Pearson Is Everywhere: MN Tests Get Hacked Edition

Pearson: Always Earning

Pearson: Always Earning

Welcome back to Pearson Is Everywhere!

Last time, we saw that Over 175k Opted Out of Pearson PARCC in NY.


Today, we’re looking at Minnesota’s tests being hacked, causing the testing to be temporarily canceled.  The attack was a DDoS (denial of service) attack.

According to Ed Week, even their practice runs had issues. Technical ‘glitches’ with browser compatibility seriously hampered the practice runs. Pearson’s answer was to direct the browsers to turn off security measure and run them in “unsafe mode”:

Issues have been reported most often by districts equipped with Apple computers, due to incompatibilities between Pearson’s testing portal and the device’s standard web browser, Safari.

Updated versions of Safari (on OS X 10.7 or higher) will not support the Java and Flash software necessary to run TestNav unless the browser is operated in what is called “unsafe mode.” 

Brandon Pinette, the senior public affairs manager at Pearson, told Education Week that the company is working with Apple to resolve the matter.

In the meantime, he said that districts can download a Web browswer that is compatible with TestNav, such as Google Chrome, or access the website using Safari’s “unsafe mode.”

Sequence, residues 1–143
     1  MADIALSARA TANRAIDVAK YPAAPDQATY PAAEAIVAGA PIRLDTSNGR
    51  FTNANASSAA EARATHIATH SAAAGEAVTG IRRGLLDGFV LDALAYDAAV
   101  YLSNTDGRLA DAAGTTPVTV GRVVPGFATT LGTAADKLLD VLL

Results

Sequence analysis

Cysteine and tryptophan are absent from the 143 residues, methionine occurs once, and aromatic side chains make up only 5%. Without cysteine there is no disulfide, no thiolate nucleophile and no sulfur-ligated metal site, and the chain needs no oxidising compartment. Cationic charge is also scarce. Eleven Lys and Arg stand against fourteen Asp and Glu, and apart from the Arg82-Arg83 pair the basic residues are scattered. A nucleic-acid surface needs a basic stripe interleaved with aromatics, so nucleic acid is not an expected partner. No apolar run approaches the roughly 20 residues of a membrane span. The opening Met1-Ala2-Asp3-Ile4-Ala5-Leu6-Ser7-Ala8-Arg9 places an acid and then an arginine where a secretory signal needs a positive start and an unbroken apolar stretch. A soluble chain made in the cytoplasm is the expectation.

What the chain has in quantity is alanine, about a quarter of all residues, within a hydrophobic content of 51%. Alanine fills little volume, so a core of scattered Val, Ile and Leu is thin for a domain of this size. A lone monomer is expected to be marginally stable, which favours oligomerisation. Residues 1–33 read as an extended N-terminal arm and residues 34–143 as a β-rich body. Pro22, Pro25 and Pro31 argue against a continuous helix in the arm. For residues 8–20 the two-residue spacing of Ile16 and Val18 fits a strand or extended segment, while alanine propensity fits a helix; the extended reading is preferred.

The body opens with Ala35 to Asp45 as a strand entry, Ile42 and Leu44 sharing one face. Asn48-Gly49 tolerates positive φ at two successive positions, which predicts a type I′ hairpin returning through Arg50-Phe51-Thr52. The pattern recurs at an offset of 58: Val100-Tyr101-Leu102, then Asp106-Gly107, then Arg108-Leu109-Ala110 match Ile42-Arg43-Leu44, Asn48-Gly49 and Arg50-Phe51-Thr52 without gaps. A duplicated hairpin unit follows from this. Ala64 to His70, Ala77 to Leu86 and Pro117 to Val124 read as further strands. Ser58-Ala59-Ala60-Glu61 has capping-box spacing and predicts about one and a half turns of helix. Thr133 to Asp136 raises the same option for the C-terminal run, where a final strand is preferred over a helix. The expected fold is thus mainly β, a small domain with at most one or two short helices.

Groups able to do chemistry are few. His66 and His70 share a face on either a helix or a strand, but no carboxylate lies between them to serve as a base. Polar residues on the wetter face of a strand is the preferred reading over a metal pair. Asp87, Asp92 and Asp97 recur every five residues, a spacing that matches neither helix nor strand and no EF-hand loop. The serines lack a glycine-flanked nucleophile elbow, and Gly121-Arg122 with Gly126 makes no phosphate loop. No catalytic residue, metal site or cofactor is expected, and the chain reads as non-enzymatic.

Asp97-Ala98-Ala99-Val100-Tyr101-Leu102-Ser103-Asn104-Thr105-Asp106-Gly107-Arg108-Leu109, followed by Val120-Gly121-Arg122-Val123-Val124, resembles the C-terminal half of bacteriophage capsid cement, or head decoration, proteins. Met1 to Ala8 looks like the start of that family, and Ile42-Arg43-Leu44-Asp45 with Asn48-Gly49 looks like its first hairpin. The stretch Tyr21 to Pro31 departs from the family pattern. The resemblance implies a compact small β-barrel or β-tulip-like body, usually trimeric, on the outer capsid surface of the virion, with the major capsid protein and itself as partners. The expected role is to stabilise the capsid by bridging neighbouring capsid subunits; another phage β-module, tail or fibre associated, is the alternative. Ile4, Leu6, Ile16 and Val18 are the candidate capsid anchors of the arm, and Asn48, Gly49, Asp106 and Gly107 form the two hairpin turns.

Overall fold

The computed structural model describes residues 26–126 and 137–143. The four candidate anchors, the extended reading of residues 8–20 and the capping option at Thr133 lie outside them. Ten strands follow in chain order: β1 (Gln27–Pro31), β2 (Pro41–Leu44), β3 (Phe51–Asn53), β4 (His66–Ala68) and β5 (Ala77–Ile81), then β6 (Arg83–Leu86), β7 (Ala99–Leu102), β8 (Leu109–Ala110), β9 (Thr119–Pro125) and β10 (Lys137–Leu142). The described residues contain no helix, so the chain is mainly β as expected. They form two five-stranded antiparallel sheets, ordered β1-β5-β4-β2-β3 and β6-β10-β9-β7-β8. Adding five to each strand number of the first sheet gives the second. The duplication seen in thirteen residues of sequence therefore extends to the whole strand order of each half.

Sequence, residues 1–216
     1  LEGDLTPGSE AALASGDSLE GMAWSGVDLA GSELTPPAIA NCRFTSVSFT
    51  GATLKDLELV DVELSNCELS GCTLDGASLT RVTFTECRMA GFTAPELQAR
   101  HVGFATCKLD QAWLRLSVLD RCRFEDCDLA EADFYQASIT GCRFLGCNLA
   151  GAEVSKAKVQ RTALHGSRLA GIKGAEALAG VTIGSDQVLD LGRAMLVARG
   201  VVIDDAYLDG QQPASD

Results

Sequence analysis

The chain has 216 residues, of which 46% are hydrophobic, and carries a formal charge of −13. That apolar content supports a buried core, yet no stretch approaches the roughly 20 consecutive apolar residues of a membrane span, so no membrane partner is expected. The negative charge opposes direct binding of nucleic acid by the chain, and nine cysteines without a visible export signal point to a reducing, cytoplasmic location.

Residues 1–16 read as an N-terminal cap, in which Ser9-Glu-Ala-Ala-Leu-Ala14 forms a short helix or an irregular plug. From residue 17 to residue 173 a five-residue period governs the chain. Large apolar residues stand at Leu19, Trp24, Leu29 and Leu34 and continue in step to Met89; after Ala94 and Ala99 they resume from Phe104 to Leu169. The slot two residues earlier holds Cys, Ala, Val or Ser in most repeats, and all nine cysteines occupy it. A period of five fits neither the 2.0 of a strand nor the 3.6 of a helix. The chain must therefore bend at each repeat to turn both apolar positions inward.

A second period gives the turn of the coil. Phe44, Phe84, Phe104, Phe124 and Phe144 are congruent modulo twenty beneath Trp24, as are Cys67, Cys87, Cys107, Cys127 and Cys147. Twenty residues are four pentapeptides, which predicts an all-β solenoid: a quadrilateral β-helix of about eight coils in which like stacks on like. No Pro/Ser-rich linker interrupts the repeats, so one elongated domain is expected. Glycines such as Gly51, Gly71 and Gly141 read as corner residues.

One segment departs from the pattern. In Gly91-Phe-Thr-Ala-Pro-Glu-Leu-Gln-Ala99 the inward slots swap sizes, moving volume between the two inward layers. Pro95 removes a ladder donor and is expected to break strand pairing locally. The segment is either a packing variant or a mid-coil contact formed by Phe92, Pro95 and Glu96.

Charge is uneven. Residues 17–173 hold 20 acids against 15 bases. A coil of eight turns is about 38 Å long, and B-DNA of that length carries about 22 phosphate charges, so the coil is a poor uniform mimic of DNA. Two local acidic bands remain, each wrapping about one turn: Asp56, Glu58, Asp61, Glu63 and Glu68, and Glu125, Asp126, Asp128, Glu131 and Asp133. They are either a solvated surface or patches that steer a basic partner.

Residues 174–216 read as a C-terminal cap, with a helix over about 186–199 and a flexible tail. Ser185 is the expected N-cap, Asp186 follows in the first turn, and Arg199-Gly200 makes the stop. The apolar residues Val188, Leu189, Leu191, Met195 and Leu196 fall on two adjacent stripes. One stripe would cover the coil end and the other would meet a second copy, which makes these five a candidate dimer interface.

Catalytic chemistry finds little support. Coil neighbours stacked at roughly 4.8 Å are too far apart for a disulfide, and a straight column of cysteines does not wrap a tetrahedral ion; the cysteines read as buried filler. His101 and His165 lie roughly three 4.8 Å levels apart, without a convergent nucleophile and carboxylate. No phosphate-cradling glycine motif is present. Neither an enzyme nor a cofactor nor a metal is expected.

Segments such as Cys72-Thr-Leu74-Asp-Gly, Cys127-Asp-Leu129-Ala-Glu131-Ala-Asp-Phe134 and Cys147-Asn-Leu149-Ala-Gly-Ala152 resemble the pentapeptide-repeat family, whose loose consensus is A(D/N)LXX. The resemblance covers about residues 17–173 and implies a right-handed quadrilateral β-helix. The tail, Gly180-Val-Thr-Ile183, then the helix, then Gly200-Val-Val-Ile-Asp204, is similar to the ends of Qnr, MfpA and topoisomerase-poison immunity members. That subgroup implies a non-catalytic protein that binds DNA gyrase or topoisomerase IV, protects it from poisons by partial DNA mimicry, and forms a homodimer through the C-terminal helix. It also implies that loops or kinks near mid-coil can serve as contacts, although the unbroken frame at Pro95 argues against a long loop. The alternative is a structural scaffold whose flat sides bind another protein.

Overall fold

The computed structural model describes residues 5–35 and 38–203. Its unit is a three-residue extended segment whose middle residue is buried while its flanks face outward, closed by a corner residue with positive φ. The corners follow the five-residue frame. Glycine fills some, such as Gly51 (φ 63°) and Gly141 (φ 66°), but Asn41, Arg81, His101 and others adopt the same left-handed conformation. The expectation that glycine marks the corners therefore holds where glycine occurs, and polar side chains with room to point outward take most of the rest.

Some district leaders have expressed concerns about what the latter recommendation could mean for protecting student data.

Minnesota has a $38 million dollar three-year contract with Pearson.

KARE11 reported on the DDoS attack:

ROSEVILLE, Minn. – Minnesota student testing has been suspended again after what is believed to be a sophisticated hacking attempt.

The state Department of Education said Wednesday it was temporarily halting the computerized Minnesota Comprehensive Assessments that test science proficiency. Testing was also disrupted last month over security and connectivity concerns.


Pearson released this statement late Wednesday afternoon:

From time to time, online testing providers like Pearson encounter malicious third-party attempts to disrupt their systems. This can lead to a degradation in service that slows system responsiveness, which could affect a student’s ability to start or continue testing.

Pearson has experienced intermittent disruptions today due to a distributed denial-of-service (DDoS) attack. A DDoS attack is a deliberate attempt by an outside party to overload and slow down system traffic.

We have worked throughout the day to mitigate these attacks, minimize the disruptions and return service to normal. We are actively working to strengthen our defenses to fend off these attacks.

DDoS attacks are not attempts to access student data, and at no time was student data compromised. We understand this caused difficulties today for learners and we apologize for any inconvenience.

Pearson has been DDos’d many times in the past; just last year Pearson VUE was apparently down for 5 days:

In the blizzard of paper from my FOIA to NC DPI on Powerschool, a DDoS attack on Pearson was revealed. This attack affected ALL schools in North Carolina using Powerschool.

The press release crafted for NC DPI by Greg Parrish of Pearson softens the original message he sent regarding the attack. Both of these emails are documented in my tweets below:

About A.P. Dillon

A.P. Dillon is a reporter currently writing at The North State Journal. She resides in the Triangle area of North Carolina. Find her on Twitter: @APDillon_ Tips:
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